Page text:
Why there are halachos about having gratitude toward inanimate objects
nd Hashem said to Moshe, ‘Tell Aharon, take your stick and spread your hand out on the waters of Mitzrayim’….and there will be blood.” (Shemos 7:19)
Why didn’t Moshe hit the Nile? Rashi explains that it wouldn’t be fitting, since the Nile had protected Moshe as a baby. Similarly, before the plague of lice, Moshe didn’t hit the sand because the sand had done him a favor when it hid the Miztri Moshe killed.
This obviously begs explanation. How can we say that an inanimate object did a favor and that we must act properly toward it? (Rav Shach, Meirosh Amanah)
Throughout life, we form many bonds and relationships. In our home, we’ve added to those connections by developing a kinship with many of the inanimate objects who share our four walls. We even name them. You’d think that being on first-name basis would mean we had a mutual, trusting relationship, but unfortunately, as any therapist will tell you, not all relationships are two-way streets.
Years ago, we had a freezer named Buster Brown. A stolid, dependable sort, he served us devotedly for a decade, until one Pesach he finally called it quits. I took his time of passing hard, as we’d filled him with our non-kosher l’Pesach goods and sold him for the week. Consequently, we didn’t discover his demise until after Pesach, when we were confronted with the stench of hundreds of dollars of rotting meat. T’was off to the dumpster with Buster.
I’ve since learned not to place all one’s meat in one freezer basket, so we’ve replaced him with Papa Bear, Mama Bear, and Baby Bear Freezer, may they all live until 120.
One must realize that everything in this world was created by Hashem’s word. An inanimate object is not a self-contained entity, but a part of Hashem’s word. The sun, the earth — everything is there because Hashem commanded it to be.
This isn’t just a nice philosophy or an interesting theory. It’s fact. There’s nothing besides Hashem, and therefore everything, both living and inanimate, is part of His Will.
Our washing machines have earned the rep of the most difficult houseguests — the kind that drops in, stirs up trouble, then disappears when the going gets tough.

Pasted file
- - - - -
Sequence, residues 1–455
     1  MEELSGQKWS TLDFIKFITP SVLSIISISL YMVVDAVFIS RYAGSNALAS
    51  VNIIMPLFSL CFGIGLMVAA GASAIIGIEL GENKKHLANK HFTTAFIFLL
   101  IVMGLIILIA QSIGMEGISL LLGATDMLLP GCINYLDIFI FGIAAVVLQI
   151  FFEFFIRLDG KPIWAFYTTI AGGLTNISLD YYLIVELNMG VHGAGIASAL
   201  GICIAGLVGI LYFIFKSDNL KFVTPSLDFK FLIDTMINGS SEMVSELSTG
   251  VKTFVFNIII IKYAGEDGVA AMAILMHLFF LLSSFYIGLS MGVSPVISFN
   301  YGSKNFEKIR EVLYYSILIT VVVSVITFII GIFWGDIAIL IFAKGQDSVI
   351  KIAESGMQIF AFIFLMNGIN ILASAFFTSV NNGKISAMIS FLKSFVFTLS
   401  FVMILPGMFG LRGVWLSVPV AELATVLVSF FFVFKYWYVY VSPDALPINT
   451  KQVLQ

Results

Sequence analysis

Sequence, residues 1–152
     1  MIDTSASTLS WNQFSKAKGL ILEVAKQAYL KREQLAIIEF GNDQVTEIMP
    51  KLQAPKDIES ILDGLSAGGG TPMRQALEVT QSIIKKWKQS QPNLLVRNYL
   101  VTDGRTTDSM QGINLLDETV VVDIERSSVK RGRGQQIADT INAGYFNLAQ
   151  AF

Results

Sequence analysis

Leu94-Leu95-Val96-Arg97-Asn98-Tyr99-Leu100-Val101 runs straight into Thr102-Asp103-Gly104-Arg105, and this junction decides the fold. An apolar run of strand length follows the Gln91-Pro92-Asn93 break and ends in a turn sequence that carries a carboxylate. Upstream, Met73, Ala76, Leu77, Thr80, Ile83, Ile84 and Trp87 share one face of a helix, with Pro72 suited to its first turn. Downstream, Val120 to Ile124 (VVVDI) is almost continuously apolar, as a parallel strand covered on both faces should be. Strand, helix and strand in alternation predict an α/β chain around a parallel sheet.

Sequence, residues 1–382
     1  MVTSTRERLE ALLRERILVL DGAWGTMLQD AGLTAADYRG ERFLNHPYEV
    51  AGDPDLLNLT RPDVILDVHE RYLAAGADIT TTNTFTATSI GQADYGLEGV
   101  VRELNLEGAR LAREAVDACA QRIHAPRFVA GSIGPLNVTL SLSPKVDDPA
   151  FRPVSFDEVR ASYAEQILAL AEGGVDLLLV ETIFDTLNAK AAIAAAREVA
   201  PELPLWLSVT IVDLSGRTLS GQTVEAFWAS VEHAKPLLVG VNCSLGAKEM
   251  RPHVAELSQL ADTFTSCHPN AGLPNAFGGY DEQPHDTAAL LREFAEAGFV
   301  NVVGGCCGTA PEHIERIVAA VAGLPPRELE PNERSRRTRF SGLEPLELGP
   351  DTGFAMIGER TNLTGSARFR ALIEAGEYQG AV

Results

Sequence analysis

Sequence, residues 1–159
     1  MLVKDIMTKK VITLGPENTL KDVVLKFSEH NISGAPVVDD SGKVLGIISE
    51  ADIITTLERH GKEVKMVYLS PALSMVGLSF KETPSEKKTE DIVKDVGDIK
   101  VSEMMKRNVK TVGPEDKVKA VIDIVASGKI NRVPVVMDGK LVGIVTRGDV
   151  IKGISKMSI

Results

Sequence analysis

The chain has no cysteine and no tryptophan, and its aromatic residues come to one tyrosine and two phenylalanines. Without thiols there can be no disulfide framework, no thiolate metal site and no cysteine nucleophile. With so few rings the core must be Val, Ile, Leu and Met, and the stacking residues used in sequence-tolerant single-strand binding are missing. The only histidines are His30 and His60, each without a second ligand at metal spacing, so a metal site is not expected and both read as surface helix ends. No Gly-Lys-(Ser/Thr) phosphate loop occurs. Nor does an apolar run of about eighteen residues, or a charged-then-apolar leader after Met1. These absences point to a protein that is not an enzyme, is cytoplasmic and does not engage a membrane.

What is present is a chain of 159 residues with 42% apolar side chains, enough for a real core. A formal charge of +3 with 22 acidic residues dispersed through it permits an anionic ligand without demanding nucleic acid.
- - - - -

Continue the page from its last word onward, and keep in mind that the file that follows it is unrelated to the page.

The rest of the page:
When we first married, we bought a seventh-hand machine that roared like an airplane every spin cycle. My neighbors complained bitterly about living so close to the airport, so I could only run the machine, which we dubbed Tower Air (the younger generation won’t understand this reference), sparingly. By the time it croaked, it was appropriately fit for the rust-bin.
Next came a giant American machine, Uncle Sam, who was imported from the Land of the Free to this country, where nothing is free. The astronomical water bills it raised soon made Uncle Sam lose his luster, and by the time he’d lost a few screws (which could only be purchased in the States), we were more than happy to replace him.
There were a few other machines that came and went. Take Big Bob, a machine that boasted ten-kilo capacity, yet would croak when running any load larger than five kilo. The technician refused to fix it, saying, “This machine only says you can run ten kilo, but it doesn’t work that way.” I’ve yet to figure out this logic.
This is why there are halachos about having gratitude toward inanimate objects. As the Gemara tells us (Bava Kamma 92b): If you drank water from a pit, don’t throw a stone in it.
But it’s just a pit! No. It’s there because of Hashem’s will, and it’s therefore connected to our lives.
At this point I was getting tired of the rapid succession of washers and of asking neighbors for favors while schlepping bags of wet laundry.
Finally, we purchased two small machines, dubbed Jack and Jill. If I thought I did laundry all day long, I now do double the amount, but I have such a productive feeling watching them spin side-by-side in tandem.
I try to make sure they know how grateful I am for being there when I need them and for letting me air (and clean) all my dirty laundry. Perhaps if they know how much I rely on them, then even if Jack takes a spill, Jill won’t go tumbling after. I think I can count on them. After all, they’re part of the family.
(Originally featured in Family First, Issue 677)